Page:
Today I finished Swords and Roses, released at the very close of 2010. Today I do not feel any sense of closure. Where once I could see no light in the future silhouetting a tall figure in snappy armor, now I know that there was no reason for my depression anyway. Elric will never really go away. His destiny, so cruelly revealed at the end of Stormbringer, will continue to haunt him as Moorcock invents more adventures for him and his short, if somewhat neglected, friend, Moonglum. He, aspect of the Eternal Champion, shall never rest. For the Prince of Ruins, it is the worst possible fate. For readers, it is a dream come true.
Readers will always return to familiar ground, searching for that feeling they found so comforting their first time reading through a certain setting, just as our champion will always search for his homeland in far-away places. As long as there are readers, there will be Elric. So many tortured souls owe their existence to the albino. Every outcast, every wayward warrior, every character who has ever been forced to live a life they’d rather be rid of: Drizzt Do’Urden; Alfred of the Sartan (The Death Gate Cycle); Jonmarc Vahanian (Chronicles of the Necromancer); Titus Crow of Brian Lumley’s invention; my beloved Vlad Dracula; my own characters, Zennith Shadowblast–my Elric tribute; Victor Malace of Ramsgate’s Black Guard. For many years I searched for the roots of these characters and their common pain, the father of all literature’s suffering. At last, after twelve years of writing and twenty years of reading, I found him, staring up at me through the glass case at the UT San Antonio library. He said, “I have always been here.”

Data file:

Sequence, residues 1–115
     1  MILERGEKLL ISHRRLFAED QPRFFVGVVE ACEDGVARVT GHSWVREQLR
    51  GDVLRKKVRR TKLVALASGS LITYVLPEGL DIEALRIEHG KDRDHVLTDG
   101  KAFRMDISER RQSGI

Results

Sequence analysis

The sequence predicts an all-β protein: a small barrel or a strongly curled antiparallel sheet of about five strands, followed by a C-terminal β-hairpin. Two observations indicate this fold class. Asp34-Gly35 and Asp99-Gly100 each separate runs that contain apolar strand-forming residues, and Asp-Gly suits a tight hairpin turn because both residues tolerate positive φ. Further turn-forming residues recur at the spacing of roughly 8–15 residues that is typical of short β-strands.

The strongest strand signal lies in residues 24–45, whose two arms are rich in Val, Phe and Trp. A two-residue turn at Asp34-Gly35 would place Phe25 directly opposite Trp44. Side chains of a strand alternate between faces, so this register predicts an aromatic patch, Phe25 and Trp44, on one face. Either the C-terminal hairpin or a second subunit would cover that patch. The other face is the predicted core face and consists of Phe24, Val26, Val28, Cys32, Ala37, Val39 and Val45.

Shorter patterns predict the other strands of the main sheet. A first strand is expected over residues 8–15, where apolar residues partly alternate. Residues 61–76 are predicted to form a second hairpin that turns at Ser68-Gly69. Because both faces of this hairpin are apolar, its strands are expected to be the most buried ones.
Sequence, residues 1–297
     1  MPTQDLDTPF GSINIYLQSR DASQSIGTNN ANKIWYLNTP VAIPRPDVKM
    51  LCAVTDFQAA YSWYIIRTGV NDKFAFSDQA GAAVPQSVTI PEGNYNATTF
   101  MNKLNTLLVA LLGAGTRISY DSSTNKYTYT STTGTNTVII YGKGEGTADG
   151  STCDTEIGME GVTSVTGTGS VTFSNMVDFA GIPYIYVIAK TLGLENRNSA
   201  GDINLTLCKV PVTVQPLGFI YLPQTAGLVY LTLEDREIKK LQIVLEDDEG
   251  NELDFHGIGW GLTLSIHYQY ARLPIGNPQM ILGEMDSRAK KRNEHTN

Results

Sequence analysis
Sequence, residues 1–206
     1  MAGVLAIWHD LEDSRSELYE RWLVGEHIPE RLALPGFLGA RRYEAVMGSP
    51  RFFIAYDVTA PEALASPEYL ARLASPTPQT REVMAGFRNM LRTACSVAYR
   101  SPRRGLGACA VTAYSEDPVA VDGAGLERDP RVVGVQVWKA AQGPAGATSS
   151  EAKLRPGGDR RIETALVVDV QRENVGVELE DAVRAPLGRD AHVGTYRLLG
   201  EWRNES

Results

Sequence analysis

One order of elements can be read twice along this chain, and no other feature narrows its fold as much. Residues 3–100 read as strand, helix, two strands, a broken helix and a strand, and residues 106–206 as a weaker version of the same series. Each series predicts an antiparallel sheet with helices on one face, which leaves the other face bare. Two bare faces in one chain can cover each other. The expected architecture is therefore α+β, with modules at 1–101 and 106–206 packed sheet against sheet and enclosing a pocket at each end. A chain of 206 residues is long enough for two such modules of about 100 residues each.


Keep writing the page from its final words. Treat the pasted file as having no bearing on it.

I believed him, and though I always detected a hint of unwillingness, Elric has been a steady companion of mine these last fourteen months. I am not sure he enjoyed being shoved into a backpack or oversized purse to be called upon for my amusement. I am not certain he was comfortable bearing forth all his secrets and being forced to relive all of his mistakes. But I needed him, and like the selfish act that brought him to destroy his own city, I drag him along anyway. If Moorcock should chose to give him life again, I would gladly walk beside him, for better or worse.
I was depressed to say the least at the end of In the Dream Realms. I was reminded of what I was losing as Gaiman’s Elric left his young self to his future: that the fictional reality is brief and only gives the illusion of substance, but like Elric’s own necessary herbs and drugs, it is vital to my existence. I feared that he had turned his back for good. At the close of “The Black Petals” as Elric looks into the jungle as if seeing a familiar sight, I know now that he was never destined to leave for long. Always will he lift his crimson eyes, offering his message of stoic determination with a hint of insouciance.
Elric, though a destructive force of his own, stands as a testament to inner strength. His moments of weakness, when even his friends cannot guess his next move, are loaded with suspense and as a reader I am left wondering if even I should trust him. We watch him closely, his friends and I, but when he is needed, his Melnibonéan instincts will play out in uncanny ways. He is the first onto the field, and the last to leave it. He is our greatest fear and our only salvation. The paradoxes are what make him real. In life we are given few choices that we can make with absolute certainty. Bound by Chaos, we are always simultaneously creating and destroying with our decisions, leaving our realities changed forever.
As always, one book must end before another can begin. As I move into the midst of the wild Empire of Granbretan and join forces with Hawkmoon, I walk beside Elric for what must be the last time for a long while, if ever again…